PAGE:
4. Land Capability Assessment (LCA) - Also known as a soil percolation test, a Land Capability Assessment is required if your land is in an area that is not already connected to sewerage. It identifies site features that will guide the development of on-site wastewater management, minimise environmental impacts and plan for the long-term sustainability of the land.

The assessment involves a site inspection and soil analysis, and the resulting report will determine the ideal site for your wastewater treatment system and the effluent field.

5. Additional Reports - The above reports and assessments are the most common that we see, but there are others that may be needed too. These include an Arborist Report, which makes recommendations regarding tree removal and Wind Classification Report which determines the wind speed class which is used in the design and construction of homes, especially on rural or exposed sites.

Town planning / DA

If applicable to your land, you’ll need to obtain a planning permit before you can build. In NSW this is known as a development application (DA). What you’ll need to do to gain approval and the length of time it will take depends on your property’s overlays.

The time required for a planning permit application can vary depending on its complexity, however it’s generally wise to allow between 3-6 months for the planning process. Some complex applications could take longer still, however this is rare.

Colours & Specifications

While your planning permit runs it course we arrange a time for you to meet with our colour consultant to finalise all details of the colours and specifications for your new home. This includes internal and external claddings and colours, kitchen finishes and fittings, plumbing fittings and fixtures, floor and window coverings - and the list goes on! This appointment generally takes around 3-4 hours, however some larger projects may take longer. Our colour consultant will work with you on all details, proving advice and suggestions where needed.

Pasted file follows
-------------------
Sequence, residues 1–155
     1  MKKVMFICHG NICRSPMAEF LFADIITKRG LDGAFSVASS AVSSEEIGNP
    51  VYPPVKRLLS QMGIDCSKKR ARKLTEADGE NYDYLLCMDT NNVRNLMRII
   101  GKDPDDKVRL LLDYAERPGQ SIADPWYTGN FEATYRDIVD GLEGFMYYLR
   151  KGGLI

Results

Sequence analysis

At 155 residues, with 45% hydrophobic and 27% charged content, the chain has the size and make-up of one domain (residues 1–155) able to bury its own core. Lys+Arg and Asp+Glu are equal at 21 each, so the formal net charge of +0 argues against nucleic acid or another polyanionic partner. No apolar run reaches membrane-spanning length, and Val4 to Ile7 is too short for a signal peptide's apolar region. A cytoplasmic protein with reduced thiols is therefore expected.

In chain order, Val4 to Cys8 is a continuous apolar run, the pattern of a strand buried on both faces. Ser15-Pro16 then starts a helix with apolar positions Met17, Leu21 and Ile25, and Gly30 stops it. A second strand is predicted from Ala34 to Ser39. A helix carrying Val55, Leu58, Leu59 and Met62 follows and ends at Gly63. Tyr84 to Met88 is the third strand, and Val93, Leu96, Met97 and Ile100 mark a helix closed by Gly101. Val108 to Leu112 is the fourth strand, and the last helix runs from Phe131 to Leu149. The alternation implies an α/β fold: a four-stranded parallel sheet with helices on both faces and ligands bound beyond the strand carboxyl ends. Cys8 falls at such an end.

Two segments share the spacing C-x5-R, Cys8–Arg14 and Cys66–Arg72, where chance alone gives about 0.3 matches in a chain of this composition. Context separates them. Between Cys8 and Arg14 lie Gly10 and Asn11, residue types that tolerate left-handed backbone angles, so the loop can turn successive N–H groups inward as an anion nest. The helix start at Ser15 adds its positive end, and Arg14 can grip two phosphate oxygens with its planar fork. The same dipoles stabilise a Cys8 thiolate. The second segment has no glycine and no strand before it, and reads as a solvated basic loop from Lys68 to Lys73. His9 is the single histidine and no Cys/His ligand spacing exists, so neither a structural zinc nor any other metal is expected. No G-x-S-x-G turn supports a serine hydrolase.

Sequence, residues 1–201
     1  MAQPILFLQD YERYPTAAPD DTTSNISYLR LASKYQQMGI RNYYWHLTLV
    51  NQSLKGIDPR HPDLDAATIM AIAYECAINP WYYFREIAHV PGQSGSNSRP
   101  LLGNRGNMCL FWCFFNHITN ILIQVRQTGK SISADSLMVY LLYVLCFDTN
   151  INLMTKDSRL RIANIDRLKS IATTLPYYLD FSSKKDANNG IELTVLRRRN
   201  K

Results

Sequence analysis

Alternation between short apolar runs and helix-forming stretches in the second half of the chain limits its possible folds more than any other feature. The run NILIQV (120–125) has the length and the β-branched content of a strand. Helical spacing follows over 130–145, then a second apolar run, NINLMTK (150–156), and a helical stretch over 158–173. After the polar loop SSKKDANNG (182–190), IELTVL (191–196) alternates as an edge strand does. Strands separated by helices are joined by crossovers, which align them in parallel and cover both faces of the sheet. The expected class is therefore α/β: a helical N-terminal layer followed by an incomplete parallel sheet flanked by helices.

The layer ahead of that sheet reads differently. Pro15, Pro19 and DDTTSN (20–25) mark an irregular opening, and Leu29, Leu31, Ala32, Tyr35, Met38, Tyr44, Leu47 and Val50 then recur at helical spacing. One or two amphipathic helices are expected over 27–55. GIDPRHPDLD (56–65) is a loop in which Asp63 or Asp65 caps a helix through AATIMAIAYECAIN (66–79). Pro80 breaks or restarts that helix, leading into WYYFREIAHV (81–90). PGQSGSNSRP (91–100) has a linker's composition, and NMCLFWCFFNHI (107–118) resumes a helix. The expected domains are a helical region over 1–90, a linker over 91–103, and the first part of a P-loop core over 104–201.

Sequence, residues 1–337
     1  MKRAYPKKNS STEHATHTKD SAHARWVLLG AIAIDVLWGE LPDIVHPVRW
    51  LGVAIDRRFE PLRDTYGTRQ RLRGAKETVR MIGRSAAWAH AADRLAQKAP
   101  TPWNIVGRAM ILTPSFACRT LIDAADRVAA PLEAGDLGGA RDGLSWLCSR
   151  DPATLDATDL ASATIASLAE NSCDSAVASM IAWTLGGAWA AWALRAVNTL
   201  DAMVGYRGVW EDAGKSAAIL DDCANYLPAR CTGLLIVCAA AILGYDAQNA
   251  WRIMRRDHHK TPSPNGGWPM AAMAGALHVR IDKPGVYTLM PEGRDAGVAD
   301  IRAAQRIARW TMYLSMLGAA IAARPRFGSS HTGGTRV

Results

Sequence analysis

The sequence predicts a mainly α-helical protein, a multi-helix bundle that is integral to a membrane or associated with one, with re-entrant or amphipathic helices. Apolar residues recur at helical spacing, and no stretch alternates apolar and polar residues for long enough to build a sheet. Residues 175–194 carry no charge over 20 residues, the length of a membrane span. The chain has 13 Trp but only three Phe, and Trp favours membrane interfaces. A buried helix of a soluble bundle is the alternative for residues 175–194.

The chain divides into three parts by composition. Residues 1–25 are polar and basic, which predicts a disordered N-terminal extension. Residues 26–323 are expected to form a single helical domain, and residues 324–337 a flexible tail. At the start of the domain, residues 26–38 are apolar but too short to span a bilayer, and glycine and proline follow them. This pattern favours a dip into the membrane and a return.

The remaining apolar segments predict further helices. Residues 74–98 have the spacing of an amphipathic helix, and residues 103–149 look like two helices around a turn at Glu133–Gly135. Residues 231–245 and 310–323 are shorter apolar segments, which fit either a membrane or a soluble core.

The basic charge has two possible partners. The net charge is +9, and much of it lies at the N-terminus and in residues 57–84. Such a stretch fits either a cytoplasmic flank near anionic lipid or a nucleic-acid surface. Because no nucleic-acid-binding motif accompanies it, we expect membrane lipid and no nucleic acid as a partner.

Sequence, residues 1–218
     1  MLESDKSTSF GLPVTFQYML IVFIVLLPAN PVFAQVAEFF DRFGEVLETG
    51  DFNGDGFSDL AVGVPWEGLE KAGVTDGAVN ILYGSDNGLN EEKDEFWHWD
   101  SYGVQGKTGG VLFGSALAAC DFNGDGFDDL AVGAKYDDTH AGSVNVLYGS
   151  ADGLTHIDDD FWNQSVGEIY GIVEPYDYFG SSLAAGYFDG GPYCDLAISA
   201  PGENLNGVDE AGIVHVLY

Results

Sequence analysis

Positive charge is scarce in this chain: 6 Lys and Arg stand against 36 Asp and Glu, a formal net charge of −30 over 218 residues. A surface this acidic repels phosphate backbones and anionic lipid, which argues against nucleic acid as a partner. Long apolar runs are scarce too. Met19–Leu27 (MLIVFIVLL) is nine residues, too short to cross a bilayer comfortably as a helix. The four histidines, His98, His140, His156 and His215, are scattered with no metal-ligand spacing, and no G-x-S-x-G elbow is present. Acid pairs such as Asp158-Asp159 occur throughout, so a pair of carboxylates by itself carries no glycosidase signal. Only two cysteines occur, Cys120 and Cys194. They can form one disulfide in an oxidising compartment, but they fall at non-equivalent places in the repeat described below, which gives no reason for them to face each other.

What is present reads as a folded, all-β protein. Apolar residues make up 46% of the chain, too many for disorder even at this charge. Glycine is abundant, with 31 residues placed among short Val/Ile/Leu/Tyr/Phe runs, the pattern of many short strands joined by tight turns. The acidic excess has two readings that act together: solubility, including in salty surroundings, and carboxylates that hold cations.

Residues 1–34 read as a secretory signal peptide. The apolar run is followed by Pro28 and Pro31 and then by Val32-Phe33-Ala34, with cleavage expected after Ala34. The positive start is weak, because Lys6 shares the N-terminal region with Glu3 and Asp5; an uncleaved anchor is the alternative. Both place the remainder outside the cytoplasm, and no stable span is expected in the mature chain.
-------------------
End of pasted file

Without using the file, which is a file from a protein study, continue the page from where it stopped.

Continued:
Contracts and Building Permit

Once the planning permit has been issued and specifications have been finalised we can prepare contracts for signing. Following this we will apply for the building permit through a building surveyor. Upon receipt of the building permit construction can then commence.

Bottom Line on the Pre-Construction Phase

The pre-construction phase can take many months depending on your block – so it’s essential that you begin with realistic expectations (and some patience!). The key to a smooth process is to be well-prepared and to submit all the required reports to your council first time round – because if anything is missing or incomplete, your application will be delayed.

To help you navigate the pre-construction and planning application process, it’s wise to seek expert advice. Working with an experienced team such as Anchor Homes can simplify things and help you get through to the stage when you’re ready to build – and ready to move in – as quickly as possible. Our team will arrange everything from the engineering reports through to the planning permit application which will ensure the process is as stress-free as possible.

At the time of preparing you a budget estimate or project proposal your Anchor Homes consultant will provide you with detail on what is required for your project, and detail of costs associated.

Over to You

Do you have a question regarding the pre-construction phase of modular homes? We’d love to help! Share a question or opinion in the comments section below this article, or join us on our Facebook page for a discussion of this and other modular building articles. 

 

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Laurie Raikes

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Laurie Raikes

Project Consultant at Anchor Homes

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1 September
Laurie Raikes Laurie Raikes
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Topics: Planning, Process Focus